Mayo Clinic Health System regional vice president in southwestern Wisconsin. Professor of medicine and biomedical ethics at the Mayo Clinic College of Medicine and Science.
And now, Dr. Paul S. Mueller has added another title to his list of accomplishments: Hastings Center Fellow.
Founded in 1969, the Hastings Center is a non-partisan, nonprofit research institution focusing on ethics in health care, science, and technology. The center is comprised of approximately 300 fellows, and Mueller is the third Mayo Clinic consultant to be named one.
In addition to his administrative duties, Dr. Mueller actively researches and publishes in the area of biomedical ethics.
“Being a fellow is humbling and an honor,” he said. “have admired the current fellows for decades. Several fellows are mentors and friends, and being a fellow will strengthen my connections to the biomedical ethics community and enhance my ability to keep abreast of emerging ethical issues in health care and scholarship that goes with it.”
Mueller’s interest in biomedical ethics began upon his arrival at Mayo Clinic in 1995. “I have been especially intrigued by dilemmas that arise during patient care involving life-sustaining technologies, such as pacemakers, implantable cardio-defibrillators and left ventricular assist devices, especially in end-of-life settings,” he said.
As a Hastings Center Fellow, Mueller hopes that it “will raise our (Mayo Clinic) visibility in the biomedical ethics community that we are engaged in cutting-edge scholarship in the field.”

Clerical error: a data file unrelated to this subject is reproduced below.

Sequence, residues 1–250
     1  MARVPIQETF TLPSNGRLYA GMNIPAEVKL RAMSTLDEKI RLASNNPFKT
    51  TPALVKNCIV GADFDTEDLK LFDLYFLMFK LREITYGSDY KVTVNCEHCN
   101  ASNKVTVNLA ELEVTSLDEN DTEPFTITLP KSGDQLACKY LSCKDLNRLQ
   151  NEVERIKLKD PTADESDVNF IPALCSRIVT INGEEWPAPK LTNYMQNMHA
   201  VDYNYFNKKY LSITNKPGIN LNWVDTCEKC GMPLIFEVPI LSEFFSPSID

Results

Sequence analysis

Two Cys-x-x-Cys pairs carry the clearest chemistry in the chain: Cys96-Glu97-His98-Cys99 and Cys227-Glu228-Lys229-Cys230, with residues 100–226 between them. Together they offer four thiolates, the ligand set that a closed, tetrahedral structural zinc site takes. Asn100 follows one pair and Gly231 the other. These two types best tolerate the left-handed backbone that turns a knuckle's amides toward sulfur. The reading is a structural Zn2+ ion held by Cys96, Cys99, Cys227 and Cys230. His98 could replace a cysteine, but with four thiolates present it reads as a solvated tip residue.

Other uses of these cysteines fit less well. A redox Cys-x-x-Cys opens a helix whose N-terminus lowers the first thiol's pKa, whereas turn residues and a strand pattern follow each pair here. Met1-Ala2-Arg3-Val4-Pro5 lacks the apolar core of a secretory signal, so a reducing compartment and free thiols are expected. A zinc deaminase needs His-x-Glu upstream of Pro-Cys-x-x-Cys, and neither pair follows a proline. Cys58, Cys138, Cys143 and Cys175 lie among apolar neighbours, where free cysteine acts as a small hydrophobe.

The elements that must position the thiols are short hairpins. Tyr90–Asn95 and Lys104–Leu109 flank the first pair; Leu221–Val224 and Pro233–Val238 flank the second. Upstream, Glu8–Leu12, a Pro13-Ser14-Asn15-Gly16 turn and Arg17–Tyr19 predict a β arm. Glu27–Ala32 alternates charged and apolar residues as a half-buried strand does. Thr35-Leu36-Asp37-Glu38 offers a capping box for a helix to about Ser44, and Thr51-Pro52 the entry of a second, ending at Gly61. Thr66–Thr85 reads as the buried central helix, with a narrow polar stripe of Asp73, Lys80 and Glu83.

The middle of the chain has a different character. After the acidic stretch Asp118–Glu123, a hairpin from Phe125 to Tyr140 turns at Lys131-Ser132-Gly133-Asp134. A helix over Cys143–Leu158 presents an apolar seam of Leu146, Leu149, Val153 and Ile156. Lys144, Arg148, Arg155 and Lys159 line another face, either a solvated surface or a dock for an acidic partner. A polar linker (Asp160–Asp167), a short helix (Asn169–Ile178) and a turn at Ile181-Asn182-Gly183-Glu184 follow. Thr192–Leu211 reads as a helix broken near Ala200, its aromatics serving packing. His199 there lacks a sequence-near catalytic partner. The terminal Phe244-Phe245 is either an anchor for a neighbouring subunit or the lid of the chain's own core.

It all adds up
Friedell Middle School teacher Greg Schoenbeck is “pretty sure” he started the Mathcounts Club in 1999. That’s definitely the first year the math team won a trophy.
His current team of students (seventh-graders Armita Kazemi and Andrew Sun and eighth-graders Philip Wisniewski and Katherine Zhu) recently won the regional Mathcounts competition at RCTC and will head to the state meet in March.
While the competition is open to sixth-, seventh-, and eighth-grades, the Friedell 2019 team does not have any sixth-graders. The school is only allowed 10 competitors, and Schoenbeck said, they “wind up turning away students every year — which is a great problem to have.” Allowing only seventh- and eighth-graders to participate means they “turn away a smaller number of disappointed students.”
The math students also have a “secret weapon.” Schoenbeck brings a bag of Funyuns snacks for the kids and tells them, “Eat a bunch of Funyuns, and when you are at a table with students from other schools, you exhale quite a bit and the students from opposing teams will be distracted by your onion breath.” They even have an onion on their team T-shirts.
All joking aside, these young students have been practicing and working hard at weekly practice sessions since November 2018.
In addition to Friedell’s first-place team finish, individually Rochester-area students took the top six places out of 106 contestants. First place: Jacob Arroyo, Rochester Area Home-school; Second Place: Philip Wisniewski, Friedell; Third Place: Albert Hu, Friedell; Fourth Place: Golden Peng, Kellogg; Fifth Place: Andrew Sun, Friedell; Sixth Place: Armita Kazemi, Friedell.